Histories of the Sassanian Kings Rivalry with the Romans Are Set in Stone at the Taq-e Bostan Monument
Taq-e Bostan (known also as Taq va san) is an archaeological site located in Kermanshah, a western province in Iran. This region is best-known for its numerous monuments dating to the Sassanian period, including the famous site of Behistun (which was first used by the Achaemenids, and then later on the Sassanians). Like Behistun, Taq-e Bostan is a site with a series of large rock reliefs, which includes a number of themes. It may be added that in recent years, a Late Sassanian stone-cutting workshop was discovered at the site, which suggests that the site served not only a propagandistic function (through its rock reliefs), but also a utilitarian one.
Taq-e Bostan Stone Arches
Taq-e Bostan may be translated to mean ‘Arch of the Garden’, whilst its alternative name, Taq va san, can be translated to mean ‘Arch Made of Stone’. The site of Taq-e Bostan consists of several elements, including a small cave and a larger one (known as an iwan), which are decorated with reliefs. There is also a small man-made lake, as well as an ancient garden, or ‘paradise’, which were likely to have been created during the preceding Parthian period.
Taq-e Bostan - High relief: investiture scene; from left to right: Anahita, Piruz I, Ahura Mazda ( CC BY-SA 3.0 )
Sassanian Investiture Reliefs
A number of the rock reliefs depict the investiture ceremony of Sassanian kings. The oldest relief, for instance, is a representation of the investiture of Shapur II, who reigned from 309 to 379 AD, his entire life of 70 years and the longest reigning monarch of the Sassanian Persian Empire. In the relief, the king is shown to be receiving a cydaris ring and a diadem (symbols of kingship and authority) from Ahuramazda, the supreme god. In addition, Shapur II is standing on top of a defeated enemy, a bearded man who has been identified with a Roman emperor, Julian the Apostate. The latter had led a military campaign against the Sassanians, but was defeated, wounded in combat, and died as a result of this injury. Julian’s successor, Jovian, succeeded in negotiating a peace treaty with the Sassanians by surrendering the Roman possessions to the east of the Tigris, thus bringing the war to an end. In the relief, Mithras, the god of treaties, is also represented, and is shown holding a barsom, a sacred bundle of twigs used for religious rituals.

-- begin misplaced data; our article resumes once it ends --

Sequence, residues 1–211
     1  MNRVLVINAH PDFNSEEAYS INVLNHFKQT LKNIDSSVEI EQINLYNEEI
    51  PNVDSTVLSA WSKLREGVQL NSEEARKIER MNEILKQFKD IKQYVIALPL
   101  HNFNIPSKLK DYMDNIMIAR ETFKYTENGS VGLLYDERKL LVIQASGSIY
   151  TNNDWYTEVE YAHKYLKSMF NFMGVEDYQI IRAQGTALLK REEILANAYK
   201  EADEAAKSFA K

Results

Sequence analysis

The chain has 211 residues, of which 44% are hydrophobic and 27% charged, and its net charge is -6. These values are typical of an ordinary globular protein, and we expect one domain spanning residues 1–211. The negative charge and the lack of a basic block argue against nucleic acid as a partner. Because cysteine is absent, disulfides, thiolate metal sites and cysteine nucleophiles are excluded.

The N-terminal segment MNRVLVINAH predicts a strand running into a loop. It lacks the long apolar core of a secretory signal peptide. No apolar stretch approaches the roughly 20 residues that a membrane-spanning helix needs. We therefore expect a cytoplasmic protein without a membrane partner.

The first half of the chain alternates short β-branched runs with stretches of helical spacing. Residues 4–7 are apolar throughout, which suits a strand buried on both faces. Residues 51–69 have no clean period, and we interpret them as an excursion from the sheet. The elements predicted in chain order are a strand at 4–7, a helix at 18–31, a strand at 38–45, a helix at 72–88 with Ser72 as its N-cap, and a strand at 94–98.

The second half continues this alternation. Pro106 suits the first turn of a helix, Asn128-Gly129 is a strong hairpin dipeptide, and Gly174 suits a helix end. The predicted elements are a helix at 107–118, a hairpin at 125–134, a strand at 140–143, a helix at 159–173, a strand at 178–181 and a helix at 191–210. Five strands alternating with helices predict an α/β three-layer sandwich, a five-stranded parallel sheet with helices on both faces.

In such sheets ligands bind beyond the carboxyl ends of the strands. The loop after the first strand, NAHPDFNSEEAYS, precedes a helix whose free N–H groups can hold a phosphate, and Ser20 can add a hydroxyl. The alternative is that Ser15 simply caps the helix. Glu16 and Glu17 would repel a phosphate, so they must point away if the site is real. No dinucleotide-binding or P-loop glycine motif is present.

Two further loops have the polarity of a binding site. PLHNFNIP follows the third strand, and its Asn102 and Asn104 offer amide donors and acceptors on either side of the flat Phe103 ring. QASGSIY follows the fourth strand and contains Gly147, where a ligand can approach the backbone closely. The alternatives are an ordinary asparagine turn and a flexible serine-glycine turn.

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Taq-e Bostan: high-relief of Ardeshir II investiture; from left to right: Mithra, Shapur II, Ahura Mazda. Lying down: dead Roman emperor Julian. (CC BY-SA 3.0 )
Some scholars have argued that the king in this rock relief is not Shapur II, but his successor, Ardashir II. There are, however, a few problems with this interpretation. For instance, the Sassanian kings may be recognised by their crowns, and the crown worn by the man in this relief belongs to Shapur II, and not to Ardashir II. Moreover, the enemy under the king’s feet is unlikely to be anyone else other than Julian the Apostate. During the reign of Ardashir II, the Emperor of Rome was Theodosius I, who is neither known to have had a beard, nor to have waged war against the Sassanians.
Other Ancient Scenes
Apart from investiture ceremonies, the rock reliefs at Taq-e Bostan also depict other subject matters. As an example, in the iwan of Khusrau, two hunting scenes decorate the cave walls on the left and right of the central scene.
Taq-e Bostan, a low-relief depicting a boar hunt of King Khusrau II ( CC BY-SA 3.0 )
On the left, the king, Khusrau II, is shown standing on a boat hunting wild boars. His attendants, some of whom are shown on elephant back, may also be identified. It has been suggested that inspiration for this scene was drawn from Indian art, as elephants are not found naturally in Iran. On the right, the king is portrayed as seated on a horse, whilst his attendants are hunting stags.
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Taq-e Bostan, a low-relief depicting a stag hunt of King Khusrau II ( CC BY-SA 3.0 )